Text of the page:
More than 20% of sexual assaults in a sample of 882 victims were drug-facilitated sexual assaults, found a new study published in CMAJ http://www.
Few studies have systematically measured the occurrence of drug-facilitated sexual assault and little is known about the victim profile, although this type of assault appears to have increased over the past 10 years.
The study, a collaboration between researchers from Women's College Research Institute in Toronto and the Ontario Network of Sexual Assault/Domestic Violence Treatment Centres, looked at data from 7 of these hospital-based centres. These centres served both rural and urban populations 24 hours, 7 days a week.
According to the self-reported data, 30% of victims had taken prescription drugs or over-the-counter medications (26%) and street drugs (27%) in the previous 72 hours before the assault. Almost 90% had consumed alcohol immediately before. "These types of substances have pharmacologic properties that can alter states of consciousness and lower inhibitions, especially when used simultaneously with alcohol and in their own right may be used to spike drinks," write Dr. Janice Du Mont and coauthors. "As such, victims could have unwittingly ingested a "date rape drug,"" although the combination of alcohol and drugs could also result in incapacitation.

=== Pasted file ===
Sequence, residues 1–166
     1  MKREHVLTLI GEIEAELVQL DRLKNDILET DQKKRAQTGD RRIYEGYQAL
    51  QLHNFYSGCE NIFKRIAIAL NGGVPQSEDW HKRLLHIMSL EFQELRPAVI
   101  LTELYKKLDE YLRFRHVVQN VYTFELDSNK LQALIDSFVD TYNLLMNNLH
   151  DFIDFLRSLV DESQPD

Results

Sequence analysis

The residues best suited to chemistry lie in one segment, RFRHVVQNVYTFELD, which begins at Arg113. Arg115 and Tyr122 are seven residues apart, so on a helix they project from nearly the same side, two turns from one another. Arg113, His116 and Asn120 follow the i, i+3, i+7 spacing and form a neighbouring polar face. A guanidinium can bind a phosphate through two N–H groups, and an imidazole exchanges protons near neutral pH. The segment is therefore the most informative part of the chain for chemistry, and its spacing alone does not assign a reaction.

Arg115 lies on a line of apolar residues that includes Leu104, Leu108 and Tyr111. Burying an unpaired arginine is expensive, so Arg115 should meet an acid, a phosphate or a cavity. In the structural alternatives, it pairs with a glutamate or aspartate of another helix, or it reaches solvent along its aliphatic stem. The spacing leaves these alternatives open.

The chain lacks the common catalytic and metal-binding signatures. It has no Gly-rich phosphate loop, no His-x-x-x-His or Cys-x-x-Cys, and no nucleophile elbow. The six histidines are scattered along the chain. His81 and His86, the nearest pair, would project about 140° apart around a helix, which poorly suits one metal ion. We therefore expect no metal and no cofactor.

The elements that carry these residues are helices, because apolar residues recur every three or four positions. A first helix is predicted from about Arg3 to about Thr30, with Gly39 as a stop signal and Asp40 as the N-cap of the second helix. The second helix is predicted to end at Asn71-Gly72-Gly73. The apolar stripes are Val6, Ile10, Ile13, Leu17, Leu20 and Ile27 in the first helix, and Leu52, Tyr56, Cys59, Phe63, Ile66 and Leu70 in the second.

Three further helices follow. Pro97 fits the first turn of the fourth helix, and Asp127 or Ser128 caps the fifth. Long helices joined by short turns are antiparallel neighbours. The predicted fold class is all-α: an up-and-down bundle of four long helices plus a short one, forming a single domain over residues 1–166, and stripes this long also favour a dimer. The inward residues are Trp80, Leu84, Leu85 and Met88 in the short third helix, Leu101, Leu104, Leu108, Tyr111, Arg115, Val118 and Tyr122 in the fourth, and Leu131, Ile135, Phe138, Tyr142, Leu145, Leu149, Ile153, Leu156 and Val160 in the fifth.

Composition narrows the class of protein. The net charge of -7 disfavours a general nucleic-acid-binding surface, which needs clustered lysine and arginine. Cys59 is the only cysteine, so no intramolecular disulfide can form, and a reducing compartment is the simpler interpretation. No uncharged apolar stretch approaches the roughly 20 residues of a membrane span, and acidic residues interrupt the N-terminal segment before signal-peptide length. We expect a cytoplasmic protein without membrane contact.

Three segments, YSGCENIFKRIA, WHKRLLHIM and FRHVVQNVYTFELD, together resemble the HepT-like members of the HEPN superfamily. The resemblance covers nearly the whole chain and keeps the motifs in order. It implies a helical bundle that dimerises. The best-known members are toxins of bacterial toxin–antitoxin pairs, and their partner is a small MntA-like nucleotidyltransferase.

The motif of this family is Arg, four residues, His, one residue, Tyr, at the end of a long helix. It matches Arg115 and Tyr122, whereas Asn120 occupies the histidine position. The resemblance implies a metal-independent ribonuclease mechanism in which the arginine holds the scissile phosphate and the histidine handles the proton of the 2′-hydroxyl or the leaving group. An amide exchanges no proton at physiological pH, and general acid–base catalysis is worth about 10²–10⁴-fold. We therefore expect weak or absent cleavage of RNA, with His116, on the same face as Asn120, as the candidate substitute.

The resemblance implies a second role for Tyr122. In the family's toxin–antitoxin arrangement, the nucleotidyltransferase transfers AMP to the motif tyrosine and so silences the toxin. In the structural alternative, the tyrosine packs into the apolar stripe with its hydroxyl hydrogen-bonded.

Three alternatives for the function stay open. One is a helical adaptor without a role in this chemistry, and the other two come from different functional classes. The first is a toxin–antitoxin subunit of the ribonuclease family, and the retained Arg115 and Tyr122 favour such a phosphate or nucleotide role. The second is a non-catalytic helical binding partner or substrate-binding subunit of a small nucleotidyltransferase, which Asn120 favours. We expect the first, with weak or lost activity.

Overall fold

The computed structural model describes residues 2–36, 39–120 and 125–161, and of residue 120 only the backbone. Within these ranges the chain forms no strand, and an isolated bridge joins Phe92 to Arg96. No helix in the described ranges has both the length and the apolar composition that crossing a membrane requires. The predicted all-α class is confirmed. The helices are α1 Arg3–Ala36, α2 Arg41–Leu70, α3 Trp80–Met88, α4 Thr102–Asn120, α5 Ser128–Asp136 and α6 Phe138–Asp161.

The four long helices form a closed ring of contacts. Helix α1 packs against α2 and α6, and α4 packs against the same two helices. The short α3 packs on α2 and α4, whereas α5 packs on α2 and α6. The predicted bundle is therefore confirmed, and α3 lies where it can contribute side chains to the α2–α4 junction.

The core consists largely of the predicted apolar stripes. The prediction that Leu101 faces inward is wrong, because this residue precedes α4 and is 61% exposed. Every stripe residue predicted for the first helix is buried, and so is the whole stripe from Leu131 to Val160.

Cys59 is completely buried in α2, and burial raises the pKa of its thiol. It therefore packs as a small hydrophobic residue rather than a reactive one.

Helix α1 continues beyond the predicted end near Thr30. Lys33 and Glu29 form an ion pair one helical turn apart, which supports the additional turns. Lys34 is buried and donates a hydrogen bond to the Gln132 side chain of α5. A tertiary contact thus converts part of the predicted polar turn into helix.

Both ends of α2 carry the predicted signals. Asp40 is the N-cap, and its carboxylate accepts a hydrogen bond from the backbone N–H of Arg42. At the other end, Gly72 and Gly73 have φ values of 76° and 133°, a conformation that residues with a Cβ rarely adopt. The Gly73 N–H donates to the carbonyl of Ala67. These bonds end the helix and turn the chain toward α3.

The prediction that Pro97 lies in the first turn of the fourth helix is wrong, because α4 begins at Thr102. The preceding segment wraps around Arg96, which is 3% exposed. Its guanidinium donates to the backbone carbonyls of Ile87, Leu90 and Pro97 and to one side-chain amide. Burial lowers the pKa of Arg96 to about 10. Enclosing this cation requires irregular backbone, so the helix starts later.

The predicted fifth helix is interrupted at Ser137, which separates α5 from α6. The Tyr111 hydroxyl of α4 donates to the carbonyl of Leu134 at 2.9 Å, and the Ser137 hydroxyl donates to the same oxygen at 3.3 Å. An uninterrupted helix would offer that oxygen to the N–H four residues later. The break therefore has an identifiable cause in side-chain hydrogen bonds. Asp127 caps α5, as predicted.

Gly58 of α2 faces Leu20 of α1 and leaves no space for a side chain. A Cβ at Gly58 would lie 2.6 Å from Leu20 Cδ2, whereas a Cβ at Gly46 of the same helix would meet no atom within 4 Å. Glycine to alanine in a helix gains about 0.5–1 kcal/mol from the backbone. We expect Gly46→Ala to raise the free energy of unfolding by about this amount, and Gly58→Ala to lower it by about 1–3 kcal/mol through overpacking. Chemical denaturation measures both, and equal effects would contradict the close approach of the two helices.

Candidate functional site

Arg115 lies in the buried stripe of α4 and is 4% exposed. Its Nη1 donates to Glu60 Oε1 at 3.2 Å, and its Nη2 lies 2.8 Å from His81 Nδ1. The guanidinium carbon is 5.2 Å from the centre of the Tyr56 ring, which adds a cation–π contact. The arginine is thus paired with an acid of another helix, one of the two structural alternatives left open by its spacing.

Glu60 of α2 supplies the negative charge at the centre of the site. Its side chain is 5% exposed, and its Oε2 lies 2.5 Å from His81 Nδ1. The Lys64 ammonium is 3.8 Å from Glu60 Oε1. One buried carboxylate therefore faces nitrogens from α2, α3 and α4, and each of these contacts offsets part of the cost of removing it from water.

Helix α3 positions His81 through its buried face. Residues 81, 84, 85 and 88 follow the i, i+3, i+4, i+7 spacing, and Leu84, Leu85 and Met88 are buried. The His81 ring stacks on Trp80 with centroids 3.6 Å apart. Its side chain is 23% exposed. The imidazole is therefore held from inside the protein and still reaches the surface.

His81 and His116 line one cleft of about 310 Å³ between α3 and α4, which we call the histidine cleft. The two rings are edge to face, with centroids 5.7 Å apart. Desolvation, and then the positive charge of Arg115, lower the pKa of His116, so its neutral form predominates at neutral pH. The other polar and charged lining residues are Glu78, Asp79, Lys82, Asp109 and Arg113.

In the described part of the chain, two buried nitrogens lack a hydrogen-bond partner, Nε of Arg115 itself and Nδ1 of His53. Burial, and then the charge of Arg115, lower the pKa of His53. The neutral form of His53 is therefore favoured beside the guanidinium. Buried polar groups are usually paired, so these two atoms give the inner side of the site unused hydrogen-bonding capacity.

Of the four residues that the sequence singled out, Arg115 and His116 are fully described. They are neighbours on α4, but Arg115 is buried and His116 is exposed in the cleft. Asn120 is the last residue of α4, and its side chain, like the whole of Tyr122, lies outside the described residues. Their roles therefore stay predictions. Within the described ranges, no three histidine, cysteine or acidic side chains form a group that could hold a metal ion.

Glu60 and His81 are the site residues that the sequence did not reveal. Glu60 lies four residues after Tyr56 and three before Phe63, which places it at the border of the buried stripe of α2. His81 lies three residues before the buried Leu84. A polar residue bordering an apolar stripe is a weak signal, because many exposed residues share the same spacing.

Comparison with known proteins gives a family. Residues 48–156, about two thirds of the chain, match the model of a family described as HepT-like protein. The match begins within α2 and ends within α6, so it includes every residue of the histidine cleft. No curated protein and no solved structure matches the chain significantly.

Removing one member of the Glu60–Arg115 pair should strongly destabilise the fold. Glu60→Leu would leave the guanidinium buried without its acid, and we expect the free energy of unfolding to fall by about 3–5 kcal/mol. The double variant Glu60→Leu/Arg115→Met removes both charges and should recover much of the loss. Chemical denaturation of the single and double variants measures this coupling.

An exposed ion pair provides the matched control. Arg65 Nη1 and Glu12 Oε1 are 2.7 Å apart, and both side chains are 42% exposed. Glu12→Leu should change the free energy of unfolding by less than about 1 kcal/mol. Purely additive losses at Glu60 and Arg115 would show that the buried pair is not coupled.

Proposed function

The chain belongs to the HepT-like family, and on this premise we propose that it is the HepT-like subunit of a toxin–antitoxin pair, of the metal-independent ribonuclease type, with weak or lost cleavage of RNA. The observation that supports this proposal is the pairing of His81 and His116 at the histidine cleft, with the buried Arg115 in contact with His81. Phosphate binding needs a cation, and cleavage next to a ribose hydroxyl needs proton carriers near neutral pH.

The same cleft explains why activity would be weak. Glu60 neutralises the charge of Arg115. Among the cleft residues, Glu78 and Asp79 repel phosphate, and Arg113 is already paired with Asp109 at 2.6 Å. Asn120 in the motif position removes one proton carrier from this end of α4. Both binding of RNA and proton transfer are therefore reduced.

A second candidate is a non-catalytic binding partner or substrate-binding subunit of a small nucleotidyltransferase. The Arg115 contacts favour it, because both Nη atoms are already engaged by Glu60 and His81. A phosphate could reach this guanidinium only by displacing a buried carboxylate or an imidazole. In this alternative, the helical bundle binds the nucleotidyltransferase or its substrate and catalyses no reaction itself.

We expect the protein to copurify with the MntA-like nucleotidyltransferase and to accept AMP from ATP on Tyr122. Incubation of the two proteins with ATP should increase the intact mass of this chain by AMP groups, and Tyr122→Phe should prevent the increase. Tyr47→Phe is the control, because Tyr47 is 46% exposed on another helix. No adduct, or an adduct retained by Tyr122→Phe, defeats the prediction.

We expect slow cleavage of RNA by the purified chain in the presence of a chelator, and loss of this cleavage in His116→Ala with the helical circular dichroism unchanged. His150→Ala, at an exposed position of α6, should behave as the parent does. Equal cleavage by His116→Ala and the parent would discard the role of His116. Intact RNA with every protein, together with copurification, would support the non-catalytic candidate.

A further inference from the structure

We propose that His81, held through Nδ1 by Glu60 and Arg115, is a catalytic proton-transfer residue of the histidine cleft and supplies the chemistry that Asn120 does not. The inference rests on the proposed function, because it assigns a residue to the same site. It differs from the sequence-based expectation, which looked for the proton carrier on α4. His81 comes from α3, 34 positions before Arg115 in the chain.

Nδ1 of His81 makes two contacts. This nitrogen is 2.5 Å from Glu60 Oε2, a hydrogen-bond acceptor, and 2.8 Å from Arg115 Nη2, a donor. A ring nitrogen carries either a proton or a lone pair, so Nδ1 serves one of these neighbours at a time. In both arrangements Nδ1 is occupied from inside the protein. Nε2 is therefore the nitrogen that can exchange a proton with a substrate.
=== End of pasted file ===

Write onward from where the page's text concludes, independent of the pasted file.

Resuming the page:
The largest age group represented was 20-24 years (36%) followed by 16-19 years (23%).
The authors conclude that education and public awareness campaigns regarding the effects of alcohol, especially combined with drugs, is needed to help combat the problem.
In a related commentary http://www.cmaj.ca/press/pg493.pdf, Dr. Jan Welch and Dr. Bernadette Butler from King's College Hospital in London, UK write "for clinicians caring for victims of sexual assault, a non-judgemental approach is essential. It is important to recognize the possibility of drug-facilitated sexual assault and provide the necessary therapeutic care while addressing forensic issues when possible, including evidence collection and documentation."
They also urge education for men and women to help them understand potential risks as victims and possible assailants as well as the different biological responses to alcohol and drugs.
Please credit CMAJ, not the Canadian Medical Association. CMAJ is an independent medical journal; views expressed here do not necessarily reflect those of its owner, the CMA.